At Boeing, Pay-to-Play is the Rule of the Day
“Boeing is the world’s top manufacturer of commercial airplanes, including the 767 and the 747. The company is also a leading military supplier, making fighter bombers, transport planes and the Apache helicopter. The company regularly lobbies Congress to increase defense spending and to win military contracts, although it lost the $300 billion Joint Strike Fighter contract to rival Lockheed Martin in 2001. Boeing has also supported expanding free trade, especially in Asia, where it hopes to sell more commercial aircraft. The company also pushed for Congress to reauthorize the Export-Import Bank, which gives loan guarantees to businesses. In 2001, Boeing got $2.5 billion from the bank.”
“Defense aerospace contractors concentrate their political donations on members of the House and Senate Appropriations subcommittees that allocate federal defense money. Prime targets of defense aerospace money also include members of the Armed Services committees, who influence military policy and have the power to create demand for this industry’s commodities… During the 2008 election cycle, the industry donated more than $7.5 million to federal candidates, splitting their contributions almost evenly between Republicans and Democrats… Boeing placed a close second to Lockheed in campaign contributions for the 2008 cycle, at more than $2.1 million. Of that, 56 percent went toward Democrats and 43 percent to Republicans.
“The federal government’s selection of Boeing to build the next generation of Air Force aerial refueling tankers comes after years of contentious fighting that’s resulted in sky-high lobbying spending and accelerated campaign contributions to key politicians…. [ In 2010 alone, ] Boeing spent more than $17.8 million on lobbying expenditures, placing it first among companies in the defense aerospace industry… During the 2010 election cycle, Boeing’s political action committee spent more than $2.91 million, donating more than $2.1 million of that amount to federal candidates… Much of this money has gone toward members of Congress who stand to benefit politically from the KC-X tanker program:”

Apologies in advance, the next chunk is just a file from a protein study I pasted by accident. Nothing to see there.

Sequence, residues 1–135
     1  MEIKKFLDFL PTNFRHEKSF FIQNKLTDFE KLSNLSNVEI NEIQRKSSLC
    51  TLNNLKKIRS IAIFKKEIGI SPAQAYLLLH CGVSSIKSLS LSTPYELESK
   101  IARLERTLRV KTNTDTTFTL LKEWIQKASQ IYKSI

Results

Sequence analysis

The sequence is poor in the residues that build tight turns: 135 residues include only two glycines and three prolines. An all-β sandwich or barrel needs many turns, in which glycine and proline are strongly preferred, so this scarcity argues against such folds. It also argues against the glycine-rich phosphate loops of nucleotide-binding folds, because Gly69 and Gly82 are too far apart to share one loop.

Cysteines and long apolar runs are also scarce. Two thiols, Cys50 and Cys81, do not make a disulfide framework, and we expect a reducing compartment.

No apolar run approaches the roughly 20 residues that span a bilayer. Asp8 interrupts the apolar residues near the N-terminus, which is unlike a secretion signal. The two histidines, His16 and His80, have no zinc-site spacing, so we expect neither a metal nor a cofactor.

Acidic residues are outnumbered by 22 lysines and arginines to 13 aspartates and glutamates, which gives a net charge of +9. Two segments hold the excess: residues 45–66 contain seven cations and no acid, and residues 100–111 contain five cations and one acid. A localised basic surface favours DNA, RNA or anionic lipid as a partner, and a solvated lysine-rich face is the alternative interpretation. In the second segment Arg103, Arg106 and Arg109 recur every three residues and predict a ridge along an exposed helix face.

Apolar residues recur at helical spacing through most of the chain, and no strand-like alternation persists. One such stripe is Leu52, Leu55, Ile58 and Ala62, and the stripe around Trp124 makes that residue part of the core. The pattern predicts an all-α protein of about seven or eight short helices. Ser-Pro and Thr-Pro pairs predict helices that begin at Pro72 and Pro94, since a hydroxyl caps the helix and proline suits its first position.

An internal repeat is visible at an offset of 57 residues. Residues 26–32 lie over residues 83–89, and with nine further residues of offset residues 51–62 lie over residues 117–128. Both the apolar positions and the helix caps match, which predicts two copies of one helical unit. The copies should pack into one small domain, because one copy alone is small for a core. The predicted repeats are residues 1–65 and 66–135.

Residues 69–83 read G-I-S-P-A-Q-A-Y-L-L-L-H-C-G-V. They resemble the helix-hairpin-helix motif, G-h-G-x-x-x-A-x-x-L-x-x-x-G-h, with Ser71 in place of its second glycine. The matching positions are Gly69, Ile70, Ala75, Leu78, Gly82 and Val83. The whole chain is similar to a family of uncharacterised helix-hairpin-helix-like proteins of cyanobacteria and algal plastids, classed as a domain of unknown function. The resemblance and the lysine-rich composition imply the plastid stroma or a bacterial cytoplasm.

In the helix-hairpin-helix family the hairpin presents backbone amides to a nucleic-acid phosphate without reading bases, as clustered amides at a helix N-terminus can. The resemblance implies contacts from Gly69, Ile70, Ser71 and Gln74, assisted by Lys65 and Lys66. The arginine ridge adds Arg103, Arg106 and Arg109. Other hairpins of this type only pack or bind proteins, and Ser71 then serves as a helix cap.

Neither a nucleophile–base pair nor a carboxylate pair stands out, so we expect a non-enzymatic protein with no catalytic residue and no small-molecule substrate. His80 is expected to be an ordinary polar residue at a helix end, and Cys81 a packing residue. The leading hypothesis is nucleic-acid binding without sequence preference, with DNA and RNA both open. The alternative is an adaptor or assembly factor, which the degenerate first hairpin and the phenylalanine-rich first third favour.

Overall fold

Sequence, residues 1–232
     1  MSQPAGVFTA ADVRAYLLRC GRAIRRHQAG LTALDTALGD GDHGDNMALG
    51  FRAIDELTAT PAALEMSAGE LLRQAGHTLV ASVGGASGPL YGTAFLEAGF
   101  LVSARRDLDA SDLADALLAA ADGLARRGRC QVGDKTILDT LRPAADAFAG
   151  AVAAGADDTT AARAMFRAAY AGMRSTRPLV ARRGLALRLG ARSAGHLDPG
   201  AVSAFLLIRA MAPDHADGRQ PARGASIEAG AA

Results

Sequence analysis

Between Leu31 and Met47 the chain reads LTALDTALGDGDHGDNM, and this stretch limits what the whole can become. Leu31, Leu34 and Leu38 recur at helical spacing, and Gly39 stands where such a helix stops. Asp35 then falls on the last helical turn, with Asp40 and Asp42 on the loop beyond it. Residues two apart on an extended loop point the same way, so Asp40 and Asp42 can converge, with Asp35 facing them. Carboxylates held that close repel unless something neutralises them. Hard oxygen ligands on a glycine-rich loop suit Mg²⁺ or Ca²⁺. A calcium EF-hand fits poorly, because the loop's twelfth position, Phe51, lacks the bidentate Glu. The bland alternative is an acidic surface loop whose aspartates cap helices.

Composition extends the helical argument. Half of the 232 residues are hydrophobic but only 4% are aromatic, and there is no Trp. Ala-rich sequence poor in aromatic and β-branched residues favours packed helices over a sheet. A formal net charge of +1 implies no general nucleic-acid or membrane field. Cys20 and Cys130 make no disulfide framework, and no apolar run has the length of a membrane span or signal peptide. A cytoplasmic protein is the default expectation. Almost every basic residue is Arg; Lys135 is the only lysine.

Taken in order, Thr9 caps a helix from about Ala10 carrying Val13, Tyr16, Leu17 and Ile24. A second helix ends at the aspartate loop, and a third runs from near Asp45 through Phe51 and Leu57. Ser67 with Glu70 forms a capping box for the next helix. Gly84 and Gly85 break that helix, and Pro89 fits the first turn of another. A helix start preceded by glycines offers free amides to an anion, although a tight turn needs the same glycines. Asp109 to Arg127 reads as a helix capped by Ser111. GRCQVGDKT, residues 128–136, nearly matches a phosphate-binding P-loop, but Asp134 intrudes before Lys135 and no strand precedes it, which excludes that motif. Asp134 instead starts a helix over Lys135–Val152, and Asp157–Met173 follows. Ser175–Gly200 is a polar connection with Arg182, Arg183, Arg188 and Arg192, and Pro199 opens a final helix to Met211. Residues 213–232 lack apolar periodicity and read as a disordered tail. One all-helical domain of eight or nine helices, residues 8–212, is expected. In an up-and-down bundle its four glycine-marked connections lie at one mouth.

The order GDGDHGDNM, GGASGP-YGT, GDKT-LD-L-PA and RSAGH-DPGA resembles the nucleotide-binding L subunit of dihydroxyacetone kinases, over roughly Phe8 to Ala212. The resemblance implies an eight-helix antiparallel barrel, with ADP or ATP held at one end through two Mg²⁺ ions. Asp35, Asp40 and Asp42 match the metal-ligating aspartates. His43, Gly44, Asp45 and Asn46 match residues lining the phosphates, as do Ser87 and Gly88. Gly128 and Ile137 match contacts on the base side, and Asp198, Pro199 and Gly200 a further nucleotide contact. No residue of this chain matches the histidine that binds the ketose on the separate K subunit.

This is not the first time Boeing used payola to pocket an Air Force tanker contract. But thanks to the United States Supreme Court “Citizens United v. FEC” decision, corporations can now make grease payments over the table that used to slide under. Consider, for example, how Boeing won and lost its previous tanker contract:
“In May 2003, the United States Air Force announced it would lease 100 KC-767 tankers to replace the oldest 136 of its KC-135s. The 10 year lease would give the USAF the option to purchase the aircraft at the end of the contract. In September 2003, responding to critics who argued that the lease was vastly more expensive than an outright purchase, the United States Department of Defense announced a revised lease. In November 2003, the Air Force decided it would lease 20 KC-767 aircraft and purchase 80 tankers… Buying one KC-767 outright costs $150 million. The contract called for 100 aircraft being purchased or leased at an aggregate price of $26b, or $260m per plane. Therefore, the contract, if it had been executed, would have forced the DOD to pay Boeing much more money for each plane than it would have had to if the aircraft were purchased individually… In December 2003, the Pentagon announced the project was to be frozen while an investigation of allegations o!
f corruption by [Pentagon purchasing agent] Darleen Druyun (who had moved to Boeing in January 2003) was begun. Druyun pleaded guilty to inflating the price of the contract to favor her future employer and to passing information on the competing Airbus A330 MRTT bid (from EADS). In October 2004, she was sentenced to nine months in jail for corruption, fined $5,000, given three years of supervised release and 150 hours of community service. She began her prison term on January 5, 2005. She was released from prison on September 30, 2005. The ramifications extended to Boeing CFO Michael M. Sears, who was fired from Boeing, and Boeing CEO Phil Condit resigned. On February 18, 2005, Sears was sentenced to four months in prison. Boeing ended up paying a $615 million fine for their involvement. According to The Federal Times, Darleen Druyun will still be receiving a federal pension.”
CBS News called this “the biggest Pentagon scandal in 20 years”, but for Boeing it was just one of many:
And as far as Pentagon scandals go, this one was a drop in the bucket compared to Donald Rumsfeld’s adeptly timed confessions of 10 September 2001: